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Brian O’Brycki grew up in Allen Park, Michigan, a suburb of Detroit. He and his older brothers attended Cabrini Prep, the catholic high school in Allen Park. O’Brycki played just about every position on the football team while in high school, but primarily defensive end and fullback. Cabrini won three consecutive titles when he played there.
After attending trade school and then multiple layoffs associated with the industry, O’Brycki began his own lawn service business. He also felt he would like to try his hand at coaching and began to help the CYO seventh and eighth graders. Now married with children, former Notre Dame quarterback Terry Andrysiuk – the head coach at Cabrini – asked Brian to help him coach at his alma mater. Andrusiak left the next year, taking on a business venture with former Irish coach Ara Parseghian.
O’Brycki was appointed Cabrini’s new head coach in 1995 and the school went 8-1, making the playoffs for the first time in their history. He continued as Cabrini’s head coach until 2010 and then took over the program at nearby Taylor Kennedy High School.
In his third year at the school, his wife Nancy was diagnosed with breast cancer. At about the same time, O’Brycki’s brother passed away and his mother was diagnosed with dementia. Later that year, doctors performed a mastectomy on Nancy. Se continued to have regular checkups and her radiation and chemotherapy treatments began the following March.
“We were really devasted when she was diagnosed,” said O’Brycki. “Being a nurse, she understood what had to be done. Nancy is, without question, the strongest and bravest person I’ve ever known.” Over a six week period, Nancy had eight chemotherapy sessions and 34 radiation treatments.
According to O’Brycki, the outpouring of support was off the charts. “From the school’s athletic director to assistant coaches and administrators, the message was the same – take as much time as you need to be with Nancy. Family comes first.” Ironically, O’Brycki’s brother in law took over as head coach while Brian attended to Nancy.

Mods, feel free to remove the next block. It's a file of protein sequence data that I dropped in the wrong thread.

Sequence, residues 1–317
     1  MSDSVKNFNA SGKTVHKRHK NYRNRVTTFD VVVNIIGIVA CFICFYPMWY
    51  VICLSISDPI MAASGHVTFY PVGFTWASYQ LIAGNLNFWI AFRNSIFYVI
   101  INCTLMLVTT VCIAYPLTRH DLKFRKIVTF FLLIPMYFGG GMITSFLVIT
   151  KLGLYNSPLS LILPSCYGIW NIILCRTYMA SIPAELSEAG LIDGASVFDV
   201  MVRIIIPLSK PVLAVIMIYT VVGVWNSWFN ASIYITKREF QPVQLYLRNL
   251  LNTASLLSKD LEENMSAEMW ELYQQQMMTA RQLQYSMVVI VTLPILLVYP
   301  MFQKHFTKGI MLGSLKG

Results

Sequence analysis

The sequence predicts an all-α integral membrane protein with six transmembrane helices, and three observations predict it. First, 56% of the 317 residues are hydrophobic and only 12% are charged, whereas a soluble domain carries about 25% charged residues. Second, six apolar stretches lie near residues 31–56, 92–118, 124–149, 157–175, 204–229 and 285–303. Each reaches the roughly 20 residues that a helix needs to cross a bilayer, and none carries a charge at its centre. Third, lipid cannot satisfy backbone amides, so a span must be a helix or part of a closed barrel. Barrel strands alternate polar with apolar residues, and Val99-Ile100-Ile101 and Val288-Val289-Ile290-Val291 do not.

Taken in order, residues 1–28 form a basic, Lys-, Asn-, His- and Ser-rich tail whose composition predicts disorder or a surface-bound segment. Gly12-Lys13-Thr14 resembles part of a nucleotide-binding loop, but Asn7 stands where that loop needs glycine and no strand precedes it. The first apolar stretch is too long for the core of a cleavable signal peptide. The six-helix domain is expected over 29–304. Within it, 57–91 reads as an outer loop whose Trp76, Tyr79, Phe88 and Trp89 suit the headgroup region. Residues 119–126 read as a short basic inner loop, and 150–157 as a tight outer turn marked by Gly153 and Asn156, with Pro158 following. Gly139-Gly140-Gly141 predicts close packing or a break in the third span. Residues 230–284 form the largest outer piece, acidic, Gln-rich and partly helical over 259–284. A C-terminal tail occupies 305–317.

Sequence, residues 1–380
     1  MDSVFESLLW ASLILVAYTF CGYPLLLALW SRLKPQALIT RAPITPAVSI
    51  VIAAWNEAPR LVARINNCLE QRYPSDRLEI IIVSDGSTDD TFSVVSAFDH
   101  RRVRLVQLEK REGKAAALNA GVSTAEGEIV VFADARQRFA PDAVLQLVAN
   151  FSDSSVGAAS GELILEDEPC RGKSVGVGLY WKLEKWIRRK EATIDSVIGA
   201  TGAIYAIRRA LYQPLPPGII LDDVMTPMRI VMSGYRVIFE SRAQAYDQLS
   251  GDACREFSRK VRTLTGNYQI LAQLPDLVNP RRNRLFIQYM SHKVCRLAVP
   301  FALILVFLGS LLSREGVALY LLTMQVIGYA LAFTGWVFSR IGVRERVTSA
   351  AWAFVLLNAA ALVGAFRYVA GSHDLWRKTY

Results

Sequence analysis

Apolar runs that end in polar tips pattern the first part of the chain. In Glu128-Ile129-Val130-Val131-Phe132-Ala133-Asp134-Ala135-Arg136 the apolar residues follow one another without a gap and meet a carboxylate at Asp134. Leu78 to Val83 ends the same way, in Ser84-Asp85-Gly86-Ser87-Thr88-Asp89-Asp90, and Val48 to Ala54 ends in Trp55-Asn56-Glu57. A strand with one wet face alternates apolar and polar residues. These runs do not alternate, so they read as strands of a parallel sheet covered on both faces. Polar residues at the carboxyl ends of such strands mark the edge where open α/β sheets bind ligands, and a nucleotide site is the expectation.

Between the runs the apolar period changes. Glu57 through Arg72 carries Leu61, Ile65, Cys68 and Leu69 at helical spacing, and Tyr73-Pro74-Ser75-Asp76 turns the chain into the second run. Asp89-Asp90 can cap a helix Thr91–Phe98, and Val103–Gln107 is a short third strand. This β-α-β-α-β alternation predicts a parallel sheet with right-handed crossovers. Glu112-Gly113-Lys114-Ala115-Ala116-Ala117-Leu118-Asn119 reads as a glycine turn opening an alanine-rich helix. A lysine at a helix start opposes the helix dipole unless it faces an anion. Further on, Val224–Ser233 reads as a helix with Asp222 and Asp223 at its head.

“My father once said, ‘you really know who your true friends are during times of adversity,’” said O’Brycki. “The outpouring of support was phenomenal not just from the school but from the entire community, especially fellow coaches all over Allen Park. Many would call or come over with food or even offer to do errands for us or even take Nancy to the doctor’s offices. Strangers also came to the door with support, many of them wanting to talk about a similar situation they – or a loved one – had experienced.”
One person also went through a masectomy and told Nancy what to expect. But, according to O’Brycki, the most incredible part of the story was the outpouring of coaches from all around the area, many of them Cabrini rivals. “Many rival coaches called and visited and showed a genuine heartfelt concern. We were trying to be low-key about it, but their support was overwhelming. Since then, I’ve become good friends with a number of the area coaches.” Nancy has now been free of cancer for nearly three years.
“One of the greatest positives from this experience has been experiencing new relationships with fellow coaches,” said O’Brycki. “It really shows the togetherness of the coaching profession. They were all there for us when we needed them. We plan to be there for them. Nancy and I have been completely humbled by the entire experience.”
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